Review Summary: The sound of My Dying Bride partying like it's 1992.
There was a time when I would have never believed that My Dying Bride were capable of an album like The Barghest O’Whitby
. Even as far back as The Angel and the Dark River
, it seemed pretty apparent that the band were intent on ditching the death doom that had started their career. No one would have blamed them, of course, since all of their peers were doing the same thing, but My Dying Bride’s attempts to branch out were never as successful. Case in point – by the time they had released the garbage that was 34.788%... Complete
, there were many people that started to believe that the band were finished; that they had lost whatever spark they once had. Every fan knows that the band did rebound and even returned to their roots a bit, but those albums still never held a candle to the band’s earliest material – until now. The Barghest O’Whitby
is a single twenty-seven minute track that reaches all the way back to As the Flower Withers
for the bulk of its inspiration while maintaining a bit of the melodic sound that they’ve been working on since The Light at the End of the World
and it’s pretty damn good.
The song begins with rolling thunder and a bit of wind – which, while not groundbreaking, does a good enough job of setting the mood. That mood, in case you’re new, is darkness and despair. When the first gritty riff comes in with a despondent violin melody played over the top, it instantly reminded me of the band’s earliest album; a feeling that is only enforced by Aaron Stainthorpe’s throaty growls. During this section, the pace is gut-wrenchingly slow, the main guitar melody is dirty and raw, and the violin part (while sparse) is excellent. Eventually, the song picks up the pace and Aaron transitions to his (love-it-or-hate-it) clean singing. From that moment on, the song seamlessly transitions from one idea to the next with regularity, eventually hitting just about every element that has ever made the band good. Throughout the twenty-seven minute runtime there are moments of oppressive funeral doom, gritty melodic passages similar to the band’s current direction, dirty old-school riffs, quiet ambience and noisy feedback, and even a fast-paced death metal part. By the end of “The Barghest O’Whitby”, it’s obvious that the band made an effort to really pay homage to the raw sound of their earliest material while still including their current direction, and the result is very satisfying.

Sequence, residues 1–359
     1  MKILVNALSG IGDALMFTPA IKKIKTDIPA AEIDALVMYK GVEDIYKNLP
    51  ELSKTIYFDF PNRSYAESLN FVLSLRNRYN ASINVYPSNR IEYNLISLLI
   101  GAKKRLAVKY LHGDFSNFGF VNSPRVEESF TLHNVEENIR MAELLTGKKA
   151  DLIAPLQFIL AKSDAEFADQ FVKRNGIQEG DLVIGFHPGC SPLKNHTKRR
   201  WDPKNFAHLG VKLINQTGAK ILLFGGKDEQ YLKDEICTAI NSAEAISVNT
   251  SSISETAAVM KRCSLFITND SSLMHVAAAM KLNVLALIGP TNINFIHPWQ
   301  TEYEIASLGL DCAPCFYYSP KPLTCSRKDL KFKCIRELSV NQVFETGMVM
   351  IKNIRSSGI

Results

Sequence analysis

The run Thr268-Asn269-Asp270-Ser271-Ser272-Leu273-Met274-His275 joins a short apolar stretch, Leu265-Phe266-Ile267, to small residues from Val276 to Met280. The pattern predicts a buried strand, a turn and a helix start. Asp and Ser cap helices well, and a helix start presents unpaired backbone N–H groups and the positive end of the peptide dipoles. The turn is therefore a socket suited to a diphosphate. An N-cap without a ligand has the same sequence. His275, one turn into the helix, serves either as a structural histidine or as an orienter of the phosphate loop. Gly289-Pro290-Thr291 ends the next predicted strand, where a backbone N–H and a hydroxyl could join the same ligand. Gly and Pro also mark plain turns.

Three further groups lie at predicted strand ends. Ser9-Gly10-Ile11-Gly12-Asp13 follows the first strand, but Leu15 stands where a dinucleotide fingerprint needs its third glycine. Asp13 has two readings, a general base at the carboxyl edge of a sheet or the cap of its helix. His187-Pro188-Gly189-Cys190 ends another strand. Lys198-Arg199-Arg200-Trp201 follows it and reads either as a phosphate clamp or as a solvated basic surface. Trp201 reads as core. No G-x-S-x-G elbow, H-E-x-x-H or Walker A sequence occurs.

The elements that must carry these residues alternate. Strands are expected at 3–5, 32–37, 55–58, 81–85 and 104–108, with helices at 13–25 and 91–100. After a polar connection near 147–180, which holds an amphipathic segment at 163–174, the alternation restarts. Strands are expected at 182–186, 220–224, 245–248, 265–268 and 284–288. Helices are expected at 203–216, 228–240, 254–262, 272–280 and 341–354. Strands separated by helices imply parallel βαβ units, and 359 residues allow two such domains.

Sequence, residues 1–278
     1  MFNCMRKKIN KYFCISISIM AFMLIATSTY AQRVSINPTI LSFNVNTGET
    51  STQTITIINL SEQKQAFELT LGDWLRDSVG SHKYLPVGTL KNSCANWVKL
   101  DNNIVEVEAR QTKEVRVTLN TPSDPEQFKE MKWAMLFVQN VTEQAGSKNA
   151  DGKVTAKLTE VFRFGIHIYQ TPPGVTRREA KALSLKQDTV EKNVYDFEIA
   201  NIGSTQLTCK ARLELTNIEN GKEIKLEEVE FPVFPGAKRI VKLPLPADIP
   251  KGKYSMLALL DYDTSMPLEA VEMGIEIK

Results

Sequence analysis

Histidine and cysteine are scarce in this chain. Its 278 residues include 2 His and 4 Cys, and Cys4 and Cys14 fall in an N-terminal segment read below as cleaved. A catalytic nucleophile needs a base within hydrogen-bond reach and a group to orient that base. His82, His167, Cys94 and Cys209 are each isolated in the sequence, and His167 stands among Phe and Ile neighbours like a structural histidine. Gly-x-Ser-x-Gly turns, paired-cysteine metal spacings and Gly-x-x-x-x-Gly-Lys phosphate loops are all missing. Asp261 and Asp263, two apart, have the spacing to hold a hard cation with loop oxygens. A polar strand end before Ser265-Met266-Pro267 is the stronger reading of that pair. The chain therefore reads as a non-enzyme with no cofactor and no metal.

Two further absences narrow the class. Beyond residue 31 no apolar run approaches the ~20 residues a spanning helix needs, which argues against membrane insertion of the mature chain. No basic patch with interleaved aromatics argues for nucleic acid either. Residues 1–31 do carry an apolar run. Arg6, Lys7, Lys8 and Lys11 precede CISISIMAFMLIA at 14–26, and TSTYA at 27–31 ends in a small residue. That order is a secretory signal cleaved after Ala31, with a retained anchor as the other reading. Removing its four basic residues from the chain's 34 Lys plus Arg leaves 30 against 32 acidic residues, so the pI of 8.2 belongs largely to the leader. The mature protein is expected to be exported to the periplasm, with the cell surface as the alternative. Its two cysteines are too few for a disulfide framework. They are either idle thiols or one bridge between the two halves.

My Dying Bride have released some excellent doom during their history and they are no stranger to extended track lengths, but this is still something new for them. This is the band finally integrating their current melodic sound with the grit and gloom of their earliest material without a single nod to the questionable middle part of their career. It’s an ambitious undertaking that will force fans to indulge in multiple listens before they can fully appreciate the entire opus, but the payoff is definitely worth the effort. Even during the first listen, though, “The Barghest O’Whitby” is a satisfying journey thanks to its multiple transitions and moods that almost make it feel like the band collaborated with their 1992 selves and returned with the best of both worlds. If My Dying Bride can hold onto whatever inspiration set this song in motion, I see an exceptional album in their future.